Gary Stephen Maynard, 49, pleaded guilty to three counts of arson to federal property in Sacramento federal court before U.S. District Judge Daniel J. Calabretta.
Maynard, who is being held without bail in the Yuba County Jail, was arrested in August 2021 after a three-week investigation that included the use of a tracking device hidden on his vehicle by authorities who followed his movements throughout Northern California for hundreds of miles, court papers say.
“It appeared that Maynard was in the midst of an arson-setting spree,” court papers filed after his arrest say.
Maynard worked teaching part-time at various schools, including Santa Clara University, where he was an adjunct faculty member in the sociology department from September 2019 to December 2020, and at Sonoma State University, where he was a lecturer in the fall of 2020 specializing in criminal justice, cults and deviant behavior
He described himself in court Thursday as a “college professor” with a PhD in sociology and a history of being diagnosed with ADHD and Asperger’s Syndrome — a disorder on the autism spectrum — and identified himself as “Dr. Gary Maynard” as he stood before the judge in orange jail garb and a waist chain.
Plea agreement documents filed in court Thursday say a search of Maynard’s vehicle after his arrest “recovered a number of devices, such as lighters, that could be used to set a fire.”
The search also turned up digital devices with “several hours” of audio and video recordings of Maynard “discussing arson, making threatening statements about arson., stating that he was going to commit arson, and, based on Maynard’s statements and the sound of matches being struck, appearing to attempt to commit arson,” court documents say.
Maynard first came to authorities’ attention on July 20, 2021, when the Cascade Fire was reported on the western slope of Mount Shasta.
Mountain bikers reported the fire and helped keep it from spreading beyond 100 to 200 square feet in the Shasta-Trinity National Forest in Siskiyou County.
A U.S. Forest Service investigator who responded to the scene found Maynard under a black Kia Soul that had its front wheels stuck in a ditch and its undercarriage centered over a boulder, court papers say.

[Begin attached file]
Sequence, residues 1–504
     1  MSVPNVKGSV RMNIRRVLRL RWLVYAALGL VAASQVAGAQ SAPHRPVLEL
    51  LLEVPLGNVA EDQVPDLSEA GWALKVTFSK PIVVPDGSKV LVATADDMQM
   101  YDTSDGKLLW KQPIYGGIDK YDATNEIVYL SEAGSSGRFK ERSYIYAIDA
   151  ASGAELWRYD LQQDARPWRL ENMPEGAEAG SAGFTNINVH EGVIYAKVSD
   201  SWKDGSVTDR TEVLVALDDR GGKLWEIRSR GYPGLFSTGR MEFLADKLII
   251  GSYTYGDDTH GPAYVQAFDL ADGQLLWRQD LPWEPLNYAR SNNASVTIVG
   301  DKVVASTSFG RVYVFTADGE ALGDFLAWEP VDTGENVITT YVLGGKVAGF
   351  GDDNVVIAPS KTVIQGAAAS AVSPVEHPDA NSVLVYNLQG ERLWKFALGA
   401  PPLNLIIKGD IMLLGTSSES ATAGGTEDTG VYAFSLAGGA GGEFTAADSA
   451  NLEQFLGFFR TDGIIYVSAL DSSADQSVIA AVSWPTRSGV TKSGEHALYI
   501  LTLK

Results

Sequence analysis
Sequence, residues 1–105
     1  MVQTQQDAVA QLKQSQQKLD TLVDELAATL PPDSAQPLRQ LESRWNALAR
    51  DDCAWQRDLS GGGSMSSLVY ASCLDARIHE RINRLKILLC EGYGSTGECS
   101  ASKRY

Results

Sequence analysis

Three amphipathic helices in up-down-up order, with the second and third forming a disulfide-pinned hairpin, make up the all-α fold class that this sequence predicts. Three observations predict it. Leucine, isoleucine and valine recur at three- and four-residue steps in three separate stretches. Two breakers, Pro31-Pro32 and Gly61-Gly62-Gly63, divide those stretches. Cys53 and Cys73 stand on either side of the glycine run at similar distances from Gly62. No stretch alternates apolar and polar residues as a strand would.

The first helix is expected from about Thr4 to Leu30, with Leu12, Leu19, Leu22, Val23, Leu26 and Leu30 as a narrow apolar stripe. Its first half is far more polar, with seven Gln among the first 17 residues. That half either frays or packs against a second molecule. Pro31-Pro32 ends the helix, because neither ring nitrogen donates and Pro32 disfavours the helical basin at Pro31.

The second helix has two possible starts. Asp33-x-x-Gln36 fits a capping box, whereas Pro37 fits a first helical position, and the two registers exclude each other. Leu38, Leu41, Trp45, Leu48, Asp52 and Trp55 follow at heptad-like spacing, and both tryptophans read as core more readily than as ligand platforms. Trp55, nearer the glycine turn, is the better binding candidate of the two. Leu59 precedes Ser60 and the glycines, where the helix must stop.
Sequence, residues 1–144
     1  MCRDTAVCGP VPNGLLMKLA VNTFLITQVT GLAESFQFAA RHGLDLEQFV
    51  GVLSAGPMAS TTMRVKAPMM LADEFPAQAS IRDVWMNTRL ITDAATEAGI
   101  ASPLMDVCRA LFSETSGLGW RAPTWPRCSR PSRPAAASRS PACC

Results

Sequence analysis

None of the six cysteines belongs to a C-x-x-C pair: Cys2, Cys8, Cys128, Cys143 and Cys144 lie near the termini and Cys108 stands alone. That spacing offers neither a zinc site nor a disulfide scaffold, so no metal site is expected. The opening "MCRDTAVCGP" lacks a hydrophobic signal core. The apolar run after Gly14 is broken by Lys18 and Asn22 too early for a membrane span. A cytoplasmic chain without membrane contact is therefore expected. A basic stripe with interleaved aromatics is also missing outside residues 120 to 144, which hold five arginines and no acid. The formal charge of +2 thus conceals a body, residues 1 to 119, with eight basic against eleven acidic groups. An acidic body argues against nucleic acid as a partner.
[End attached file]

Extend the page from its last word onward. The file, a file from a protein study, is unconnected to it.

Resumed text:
Maynard told the Forest Service investigator he was a professor, and a witness in a nearby vehicle later told authorities that Maynard seemed angry, had displayed a large knife and was “mumbling a lot and having bipolar-like behavior,” court papers say.
The next day, a second fire erupted at 2:50 a.m. on Mount Shasta near the Everitt Memorial Highway, and investigators later found tire tracks similar to those made by the Kia hatchback, court papers say.
Investigators tracked Maynard’s movements through his electronic benefits transfer, or EBT, card used for public assistance and by placing a tracking device on his vehicle, court papers say.
Maynard was tracked to an area where the Ranch Fire and Conard Fire burned in the Lassen National Forest and was arrested while he was found inside an emergency closure area in place for the Dixie Fire, court papers say.
“He entered the evacuation zone and began setting fires behind the first responders fighting the Dixie Fire,” court papers say of the blaze that was the second-largest in California history and burned nearly 1 million acres in five counties.
After being booked into the Lassen County Jail following his arrest, Maynard maintained he had nothing to do with the fires, court papers say.
“I’m going to kill you, f—— pig!” he screamed, according to court documents. “I told those f—— I didn’t start any of those fires!”
Maynard faces a sentence of up to 20 years in prison and a fine of up to $250,000, and is scheduled to be sentenced May 9.